Republicans argue that the Supreme Court education fix-it work can be done with no new taxes. Meanwhile on Tuesday, Senate Republican leaders unveiled a proposal to increase higher education money by $300 million, which would lead to a 3 percent reduction in students' tuition. College officials quoted in various news reports said the amount of the actual boost turns out to be much less when they entered the Republican figures into their calculations. On Wednesday, Republican legislative leaders said the $300 million would come from the extra $2 billion in revenue expected between 2011-2013 and 2013-2015.

However, Hunter does not see a neat $2 billion increase in revenue for 2013-2015. Complicating factors to Hunter are inflation; increasing costs that are out of the state's control; the June 30 expiration of beer and hospital beds taxes plus a 0.3 percent business and occupation surcharge; a growing population needing more services; and other variables.

Also, Hunter does not believe a $2.7 billion shortfall can be tackled without enacting some new taxes. "It's hard to do that without additional revenue," he said.

The Republican-dominated Senate expects to unveil its 2013-2015 proposed budget in five to 10 days. The Democrat-controlled House will release its proposal a few days later. At the end of March, Gov. Jay Inslee is expected to announce his spending budgeting priorities and a proposed closing of a few hundred million dollars worth of tax exemptions — but no detailed proposed budget.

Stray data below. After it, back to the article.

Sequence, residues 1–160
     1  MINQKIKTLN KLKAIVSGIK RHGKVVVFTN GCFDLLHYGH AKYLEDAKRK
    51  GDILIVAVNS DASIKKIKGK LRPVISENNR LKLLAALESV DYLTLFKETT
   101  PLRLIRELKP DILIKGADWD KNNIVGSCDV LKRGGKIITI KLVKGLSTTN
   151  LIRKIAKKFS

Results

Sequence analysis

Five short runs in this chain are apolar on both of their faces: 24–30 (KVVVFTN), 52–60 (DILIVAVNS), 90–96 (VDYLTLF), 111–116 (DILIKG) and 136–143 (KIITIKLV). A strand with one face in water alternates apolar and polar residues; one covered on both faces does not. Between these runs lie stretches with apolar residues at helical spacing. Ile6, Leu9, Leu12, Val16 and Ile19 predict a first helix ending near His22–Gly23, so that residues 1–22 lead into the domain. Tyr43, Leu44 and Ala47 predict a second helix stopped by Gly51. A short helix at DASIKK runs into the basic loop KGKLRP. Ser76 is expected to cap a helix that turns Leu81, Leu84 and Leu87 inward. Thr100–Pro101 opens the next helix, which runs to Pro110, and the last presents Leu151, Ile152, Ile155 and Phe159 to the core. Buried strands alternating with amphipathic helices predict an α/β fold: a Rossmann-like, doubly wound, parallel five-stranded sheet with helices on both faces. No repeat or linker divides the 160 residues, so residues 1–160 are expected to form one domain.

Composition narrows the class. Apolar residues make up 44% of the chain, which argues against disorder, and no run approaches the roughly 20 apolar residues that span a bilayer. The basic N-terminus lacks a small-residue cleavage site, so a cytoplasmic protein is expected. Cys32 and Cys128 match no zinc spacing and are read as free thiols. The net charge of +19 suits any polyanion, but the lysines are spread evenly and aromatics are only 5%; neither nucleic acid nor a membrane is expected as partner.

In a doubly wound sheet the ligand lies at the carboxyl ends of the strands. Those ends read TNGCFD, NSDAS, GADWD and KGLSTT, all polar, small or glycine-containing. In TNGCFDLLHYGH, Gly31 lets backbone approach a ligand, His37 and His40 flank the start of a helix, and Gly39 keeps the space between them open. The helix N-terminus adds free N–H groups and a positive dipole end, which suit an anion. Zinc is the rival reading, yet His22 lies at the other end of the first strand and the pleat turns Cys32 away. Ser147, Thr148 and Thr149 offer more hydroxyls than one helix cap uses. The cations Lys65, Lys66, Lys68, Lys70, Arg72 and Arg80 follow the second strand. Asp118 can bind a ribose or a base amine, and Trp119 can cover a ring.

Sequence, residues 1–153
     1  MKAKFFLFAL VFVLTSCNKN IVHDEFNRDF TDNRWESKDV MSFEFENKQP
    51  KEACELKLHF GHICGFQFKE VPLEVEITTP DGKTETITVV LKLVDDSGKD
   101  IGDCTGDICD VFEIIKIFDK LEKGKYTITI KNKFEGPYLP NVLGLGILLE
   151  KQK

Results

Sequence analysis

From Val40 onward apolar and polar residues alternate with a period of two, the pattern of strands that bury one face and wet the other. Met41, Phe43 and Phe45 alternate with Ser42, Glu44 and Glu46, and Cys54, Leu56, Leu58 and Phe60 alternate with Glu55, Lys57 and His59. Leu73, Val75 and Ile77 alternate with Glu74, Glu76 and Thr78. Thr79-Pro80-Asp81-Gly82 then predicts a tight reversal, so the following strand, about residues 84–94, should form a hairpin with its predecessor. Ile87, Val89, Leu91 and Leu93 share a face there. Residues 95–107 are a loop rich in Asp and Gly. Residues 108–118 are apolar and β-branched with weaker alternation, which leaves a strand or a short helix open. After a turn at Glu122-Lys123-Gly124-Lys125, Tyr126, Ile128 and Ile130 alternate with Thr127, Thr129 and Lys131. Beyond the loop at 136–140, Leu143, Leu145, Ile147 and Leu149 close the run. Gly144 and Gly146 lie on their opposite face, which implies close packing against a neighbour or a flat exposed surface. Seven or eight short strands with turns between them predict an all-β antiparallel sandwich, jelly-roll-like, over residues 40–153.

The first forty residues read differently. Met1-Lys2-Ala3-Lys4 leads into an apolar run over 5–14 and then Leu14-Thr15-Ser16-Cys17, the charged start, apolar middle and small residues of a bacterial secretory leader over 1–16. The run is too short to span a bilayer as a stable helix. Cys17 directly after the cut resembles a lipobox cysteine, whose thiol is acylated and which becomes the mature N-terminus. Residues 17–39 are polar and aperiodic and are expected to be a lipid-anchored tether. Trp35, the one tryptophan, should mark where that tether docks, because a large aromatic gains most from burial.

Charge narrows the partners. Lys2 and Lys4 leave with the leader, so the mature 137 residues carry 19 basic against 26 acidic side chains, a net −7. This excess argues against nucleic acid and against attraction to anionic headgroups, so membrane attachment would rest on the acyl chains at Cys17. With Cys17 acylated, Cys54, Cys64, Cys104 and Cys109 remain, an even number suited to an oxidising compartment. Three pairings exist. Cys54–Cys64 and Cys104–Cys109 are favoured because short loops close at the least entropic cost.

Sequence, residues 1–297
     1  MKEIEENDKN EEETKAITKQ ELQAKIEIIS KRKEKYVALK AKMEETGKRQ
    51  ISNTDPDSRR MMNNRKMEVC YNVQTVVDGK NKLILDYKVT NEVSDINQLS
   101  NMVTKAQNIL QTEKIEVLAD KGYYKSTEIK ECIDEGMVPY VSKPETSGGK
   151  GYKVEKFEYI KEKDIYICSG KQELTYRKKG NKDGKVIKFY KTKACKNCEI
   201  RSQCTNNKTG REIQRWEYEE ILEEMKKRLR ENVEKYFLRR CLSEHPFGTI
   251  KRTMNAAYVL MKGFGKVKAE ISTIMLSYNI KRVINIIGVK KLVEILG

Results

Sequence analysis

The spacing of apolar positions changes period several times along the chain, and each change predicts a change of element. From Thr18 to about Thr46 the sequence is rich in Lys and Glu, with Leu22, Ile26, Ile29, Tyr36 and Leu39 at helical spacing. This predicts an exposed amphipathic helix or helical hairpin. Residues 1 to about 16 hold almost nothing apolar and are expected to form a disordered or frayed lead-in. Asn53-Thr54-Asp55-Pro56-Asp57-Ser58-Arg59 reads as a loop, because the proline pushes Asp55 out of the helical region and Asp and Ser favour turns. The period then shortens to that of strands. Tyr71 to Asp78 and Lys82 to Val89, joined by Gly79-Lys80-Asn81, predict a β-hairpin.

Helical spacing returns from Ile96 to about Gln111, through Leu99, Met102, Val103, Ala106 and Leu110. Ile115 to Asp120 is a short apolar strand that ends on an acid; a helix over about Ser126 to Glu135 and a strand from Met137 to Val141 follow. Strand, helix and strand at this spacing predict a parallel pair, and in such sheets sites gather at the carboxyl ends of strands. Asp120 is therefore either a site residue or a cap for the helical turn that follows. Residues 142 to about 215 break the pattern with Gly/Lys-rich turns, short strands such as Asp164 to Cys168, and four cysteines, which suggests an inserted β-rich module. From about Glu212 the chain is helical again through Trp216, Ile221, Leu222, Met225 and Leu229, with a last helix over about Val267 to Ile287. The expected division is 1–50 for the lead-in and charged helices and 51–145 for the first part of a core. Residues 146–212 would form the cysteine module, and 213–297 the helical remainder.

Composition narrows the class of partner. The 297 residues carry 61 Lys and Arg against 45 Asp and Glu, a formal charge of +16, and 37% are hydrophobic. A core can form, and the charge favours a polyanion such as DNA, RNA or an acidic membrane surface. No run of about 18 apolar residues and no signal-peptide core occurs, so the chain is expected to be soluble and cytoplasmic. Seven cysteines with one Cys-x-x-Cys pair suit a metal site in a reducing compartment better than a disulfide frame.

Democrats have floated some trial balloons for $200 million to $300 million worth of tax exemptions and tax credits to eliminate. However, Democrats have not unveiled any specifics. Republican leaders said they might discuss closing some tax exemptions, but have always been chilly to the concept.

A couple of hurdles exist to closing tax exemptions. A huge number of exemptions and tax credits amount to a few million dollars each — meaning significant numbers have to be eliminated to have a visible impact on a $2 billion budget problem. Also, Democrats and Republicans in both chambers routinely propose new tax exemptions and tax credits with roughly 30 such bills introduced so far this session.

"If the Democrats can't find $200 million in bad tax loopholes, how can we?" Schoesler said.

Here are some highlight from the Washington Economic and Revenue Forecast Council's Wednesday report:

  • No assumptions were made about revenue from taxing the sales of marijuana.
  • Growth of Washingtonians' personal incomes is slightly slower than expected.
  • Construction permits for new houses are increasing faster than predicted.
  • The percentage of mortgage and debt payments -- when compared to personal income - has shrunk from more than 13 percent in 2009 to about 10.5 percent today.
  • More cars and light trucks are being bought in Washington.
  • Home sales are rising slightly with Island, King, Spokane and Kitsap counties posting the best percentages. King County's typical home prices are the highest in the state, followed by Clark, Whatcom and Snohomish counties.
  • New taxes kicked in on Jan.1 -- a payroll tax plus extra taxes for families making more than $450,000. Revenues from sales and B&O taxes are growing.
  • Washington's growth in exports is slowing down.

For exclusive coverage of the state Legislature, check out Crosscut's Olympia 2013 page.


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About the Authors & Contributors

John Stang

John Stang

John Stang is a freelance writer who often covers state government and the environment. He can be reached on email at and on Twitter at @johnstang_8